• Stop offshoring Telstra jobs
    The hundreds of jobs Telstra is cutting and sending offshore belong to real people, like Chris who has two little kids and a partner working part time. They bought their first house last year. Chris and his workmates pride themselves on working hard for customers, delivering multi-billion dollar profits to Telstra. CPSU members at Telstra predict that network outages will be more common because Telstra has cut highly skilled people, often with 20-30 years experience with the Telstra network. Telstra's and Australia's future success lies in the company investing in Australian innovation, skills and jobs rather than making decisions based on short-term greed. Telstra is not only reducing its' own capacity but it removes thousands of job opportunities for future generations.
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    Created by Community & Public Sector Union Picture
  • No Job Losses at ANU - Culture, History & Language
    The particular cuts at CHL have not been justified. Why are these positions being lost? Positions including a key academic in the Japanese program, one in the Sanskrit program, ARC Fellows, Professors and an editor of a key journal. As ANU attempts to side-step protections in the Enterprise Agreement (EA) which provide for re-deployment, staff are left wondering what their future holds. This has serious implications for staff in other areas who face reviews and restructures in the future.
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    Created by Rachael Bahl
  • Justice for Empire Rubber workers!
    NUW members in Bendigo recently won a protracted legal case to get entitlements they were owed paid to them following the collapse of Empire Rubber in 2006. However of the $4.5 million win, workers will never see a cent. Nothing. All because corporate law firms are swallowing the win up in fees. LCM Litigation Fund Pty Ltd and Piper Alderman have pocketed 91% of the win, $4.1 million dollars, while their clients have been told they will never see any money and there is nothing they can do. NUW member and former Empire Rubber worker Shane Hogan is owed $15,000. His wife Tracy has said that “To get a letter saying that it’s all been eaten up in fees is very disappointing.” “A lot of people who were laid off did not gain employment afterwards, so they were really relying on getting that money”. Members refuse to accept this gross denial of justice. We are calling on Piper Alderman to waive their fees and give their clients the money they have won. The Law Institute of Victoria’s code of ethics calls for lawyers to “advance their clients’ interests above their own” and to “charge fairly for their work”. Clearly Piper Alderman have failed in their ethical obligations to NUW members at Empire Rubber. In pocketing the cash and failing to meet ethical standards, Piper Alderman undermines the integrity of the justice system to serve the needs of workers. Piper Alderman and LCM Litigation Fund: give workers their money back so justice is closer to being served!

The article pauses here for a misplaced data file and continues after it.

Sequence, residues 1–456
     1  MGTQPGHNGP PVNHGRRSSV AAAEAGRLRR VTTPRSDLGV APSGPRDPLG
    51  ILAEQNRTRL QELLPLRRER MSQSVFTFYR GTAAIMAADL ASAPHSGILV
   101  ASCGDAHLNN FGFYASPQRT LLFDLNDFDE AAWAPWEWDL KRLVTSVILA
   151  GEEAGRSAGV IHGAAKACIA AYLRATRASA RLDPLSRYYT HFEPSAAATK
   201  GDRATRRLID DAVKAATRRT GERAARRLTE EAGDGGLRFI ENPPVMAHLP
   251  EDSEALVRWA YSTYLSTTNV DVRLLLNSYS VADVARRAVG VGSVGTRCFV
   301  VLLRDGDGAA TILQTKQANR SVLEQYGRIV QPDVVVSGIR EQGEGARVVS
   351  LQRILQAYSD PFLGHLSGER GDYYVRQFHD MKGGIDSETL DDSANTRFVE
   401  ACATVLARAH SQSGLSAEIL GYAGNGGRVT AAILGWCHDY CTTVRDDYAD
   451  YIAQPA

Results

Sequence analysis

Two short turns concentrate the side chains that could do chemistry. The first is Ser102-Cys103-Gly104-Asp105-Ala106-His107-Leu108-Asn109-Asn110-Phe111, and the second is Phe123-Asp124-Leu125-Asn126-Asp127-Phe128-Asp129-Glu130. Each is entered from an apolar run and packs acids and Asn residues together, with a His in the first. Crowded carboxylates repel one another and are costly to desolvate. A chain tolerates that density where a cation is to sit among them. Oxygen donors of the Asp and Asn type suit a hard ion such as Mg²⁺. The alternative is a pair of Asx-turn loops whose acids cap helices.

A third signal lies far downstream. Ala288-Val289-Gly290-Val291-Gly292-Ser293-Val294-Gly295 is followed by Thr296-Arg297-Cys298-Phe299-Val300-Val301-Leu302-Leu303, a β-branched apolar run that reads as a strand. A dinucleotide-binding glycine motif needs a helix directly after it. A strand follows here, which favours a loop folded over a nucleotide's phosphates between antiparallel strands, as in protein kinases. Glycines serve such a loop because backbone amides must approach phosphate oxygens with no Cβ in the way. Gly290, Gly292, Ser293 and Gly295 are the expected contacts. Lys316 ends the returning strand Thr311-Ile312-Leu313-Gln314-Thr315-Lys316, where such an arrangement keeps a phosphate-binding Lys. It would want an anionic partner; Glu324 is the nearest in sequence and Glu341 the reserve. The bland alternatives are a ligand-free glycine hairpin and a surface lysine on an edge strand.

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    Created by National Union of Workers
  • Introduce ratios for Victoria's mental health nurses
    Victoria has gathered sixteen years of evidence of the success of nurse/patient ratios. This evidence has shown patient waiting times reduced in Victoria’s public hospitals. It has led to marked improvements in recruitment and retention of nurses as a result of safer working environments. Our public hospitals have also shown improved economic outcomes since ratios were introduced in 2001. Ratios brought about a 151 per cent increase in patients receiving same day treatment. The system works — it’s time to make Victoria’s public mental health care system a world leader by applying ratios to our mental health wards. New South Wales and Queensland have already introduced nursing ratios in mental health in their own public hospitals. For the full detail on how nursing ratios in mental health would work in Victoria, please check our log of claims: http://bit.ly/mhLOC Thank you for supporting our mental health nurses.
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    Created by ANMF (Vic Branch) Picture
  • Mr Reynolds - The Rubbish stops with you!
    We the Central Coast Community Union Alliance, believe that workers should be treated with dignity and respect. These 68 workers who live locally, shop locally, send their kids to local schools and pay their council rates are simply wanting to protect their hard fought conditions, just like any other worker would do. Local waste operator Ian Hankinson who is leading the strike needs your support to convince the council administrator to take a leadership role and stand up for these workers that keep our streets clean and our community safe. Let's come together and stand with Ian and his 67 work mates and send a message that our community will defend our own and stop a race to the bottom.